A mosquito was heard to complain
That a chemist had poisoned his brain
The cause of his sorrow
Often, email feels like an impossible torrent of mostly-unwanted information.
For a while, I have felt like one way to improve it would be to require refundable stamps for messages. In order to send you an email, a person might pay $0.50 or $1.00 for a virtual ‘stamp’. When you receive the message, you get to choose whether to refund the sender (perhaps minus a set fee for the email provider), or keep the value of the stamp yourself (again, minus a $0.05 or $0.10 cut).
If emails cost $1 each to send, there would be a lot fewer trivial ones. I doubt many people would totally replace their normal email with StampMail, but a lot might set up a parallel account for higher-priority messages.
Some spam will be profitable enough to make sending emails with stamps worthwhile. There are two responses to this. First, StampMail could be a lot more aggressive than existing email providers about banning accounts that are sending spam. Second, any spam you receive is more tolerable when it comes with a $0.90 to $0.95 payment.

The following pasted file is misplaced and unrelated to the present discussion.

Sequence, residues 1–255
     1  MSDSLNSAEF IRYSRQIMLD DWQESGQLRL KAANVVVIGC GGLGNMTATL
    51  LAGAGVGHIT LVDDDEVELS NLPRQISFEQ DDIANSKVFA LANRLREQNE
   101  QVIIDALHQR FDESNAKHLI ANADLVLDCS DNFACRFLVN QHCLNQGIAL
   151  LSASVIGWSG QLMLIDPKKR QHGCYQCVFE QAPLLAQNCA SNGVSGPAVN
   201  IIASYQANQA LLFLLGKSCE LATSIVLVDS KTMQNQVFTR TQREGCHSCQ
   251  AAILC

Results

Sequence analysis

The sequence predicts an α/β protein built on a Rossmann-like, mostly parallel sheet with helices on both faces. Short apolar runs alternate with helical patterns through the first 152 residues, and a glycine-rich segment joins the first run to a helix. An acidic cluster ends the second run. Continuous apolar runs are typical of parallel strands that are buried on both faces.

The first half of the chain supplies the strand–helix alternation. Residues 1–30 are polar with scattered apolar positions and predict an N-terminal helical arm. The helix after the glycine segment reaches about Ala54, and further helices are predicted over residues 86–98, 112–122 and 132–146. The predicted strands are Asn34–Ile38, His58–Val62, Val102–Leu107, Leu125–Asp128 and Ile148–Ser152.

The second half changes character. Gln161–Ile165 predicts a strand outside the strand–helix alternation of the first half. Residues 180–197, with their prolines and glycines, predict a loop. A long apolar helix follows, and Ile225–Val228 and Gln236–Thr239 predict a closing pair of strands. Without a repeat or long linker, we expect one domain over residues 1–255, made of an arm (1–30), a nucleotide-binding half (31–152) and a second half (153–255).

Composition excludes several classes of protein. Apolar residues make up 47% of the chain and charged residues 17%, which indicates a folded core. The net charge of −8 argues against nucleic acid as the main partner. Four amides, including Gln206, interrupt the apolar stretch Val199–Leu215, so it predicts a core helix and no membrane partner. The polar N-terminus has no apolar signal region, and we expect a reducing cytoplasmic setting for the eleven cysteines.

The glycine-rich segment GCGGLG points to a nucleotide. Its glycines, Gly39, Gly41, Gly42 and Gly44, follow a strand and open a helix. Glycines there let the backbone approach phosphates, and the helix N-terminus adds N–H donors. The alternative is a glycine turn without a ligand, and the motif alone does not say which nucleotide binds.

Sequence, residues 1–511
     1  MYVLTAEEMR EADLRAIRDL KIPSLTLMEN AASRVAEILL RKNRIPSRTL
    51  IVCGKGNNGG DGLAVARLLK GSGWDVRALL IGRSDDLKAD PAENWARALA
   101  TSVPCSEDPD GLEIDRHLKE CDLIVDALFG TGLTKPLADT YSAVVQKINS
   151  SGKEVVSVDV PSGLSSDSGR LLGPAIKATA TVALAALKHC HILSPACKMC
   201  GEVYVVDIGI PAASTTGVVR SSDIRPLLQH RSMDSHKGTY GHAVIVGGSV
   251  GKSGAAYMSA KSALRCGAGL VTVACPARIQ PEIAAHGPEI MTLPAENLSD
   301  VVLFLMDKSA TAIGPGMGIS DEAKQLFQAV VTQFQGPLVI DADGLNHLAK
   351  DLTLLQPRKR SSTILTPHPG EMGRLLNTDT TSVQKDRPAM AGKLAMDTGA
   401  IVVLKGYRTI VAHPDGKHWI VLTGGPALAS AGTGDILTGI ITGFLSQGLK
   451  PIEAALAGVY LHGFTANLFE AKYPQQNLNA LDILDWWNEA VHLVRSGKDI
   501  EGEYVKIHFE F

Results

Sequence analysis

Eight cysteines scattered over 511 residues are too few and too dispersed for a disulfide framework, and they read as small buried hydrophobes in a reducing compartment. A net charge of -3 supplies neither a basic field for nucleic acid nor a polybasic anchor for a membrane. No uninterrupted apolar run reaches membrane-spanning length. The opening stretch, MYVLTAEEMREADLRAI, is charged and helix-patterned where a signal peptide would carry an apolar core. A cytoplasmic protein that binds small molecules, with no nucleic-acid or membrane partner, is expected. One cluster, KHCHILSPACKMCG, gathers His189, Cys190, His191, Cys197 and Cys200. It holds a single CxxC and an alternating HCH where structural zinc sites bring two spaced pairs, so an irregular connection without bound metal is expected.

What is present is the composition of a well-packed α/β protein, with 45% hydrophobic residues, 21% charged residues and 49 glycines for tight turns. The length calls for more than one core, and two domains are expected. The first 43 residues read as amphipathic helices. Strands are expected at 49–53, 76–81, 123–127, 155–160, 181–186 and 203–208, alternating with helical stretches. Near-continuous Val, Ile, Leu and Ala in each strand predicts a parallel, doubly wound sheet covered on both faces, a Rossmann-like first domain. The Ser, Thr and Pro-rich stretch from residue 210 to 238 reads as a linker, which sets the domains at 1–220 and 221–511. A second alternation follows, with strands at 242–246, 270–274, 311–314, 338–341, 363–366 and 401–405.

The brilliant Stephen Fry on the balance between rule-following and tiresome pedantry in language use:
I admit that if you want to communicate well for the sake of passing an exam or job interview, then it is obvious that wildly original and excessively heterodox language could land you in the soup. I think what offends examiners and employers when confronted with extremely informal, unpunctuated and haywire language is the implication of not caring that underlies it. You slip into a suit for an interview and you dress your language up too. You can wear what you like linguistically or sartorially when youâ€™re at home or with friends, but most people accept the need to smarten up under some circumstances â€“ it’s only considerate. But that is an issue of fitness, of suitability, it has nothing to do with correctness. There no right language or wrong language any more than are right or wrong clothes. Context, convention and circumstance are all.
Last night, I got some photos at the launch of Ryan O’Connor’s book: The First Green Wave: Pollution Probe and the Origins of Environmental Activism in Ontario. Following it was a dinner in honour of one of the founders of Pollution Probe.